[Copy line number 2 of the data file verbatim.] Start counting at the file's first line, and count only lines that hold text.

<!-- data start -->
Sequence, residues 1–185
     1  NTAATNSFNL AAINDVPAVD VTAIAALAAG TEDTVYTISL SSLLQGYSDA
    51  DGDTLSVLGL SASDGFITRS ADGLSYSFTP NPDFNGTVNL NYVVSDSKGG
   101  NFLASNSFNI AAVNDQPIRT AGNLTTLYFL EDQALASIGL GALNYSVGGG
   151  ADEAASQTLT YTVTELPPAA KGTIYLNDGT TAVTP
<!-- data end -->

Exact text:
     1  NTAATNSFNL AAINDVPAVD VTAIAALAAG TEDTVYTISL SSLLQGYSDA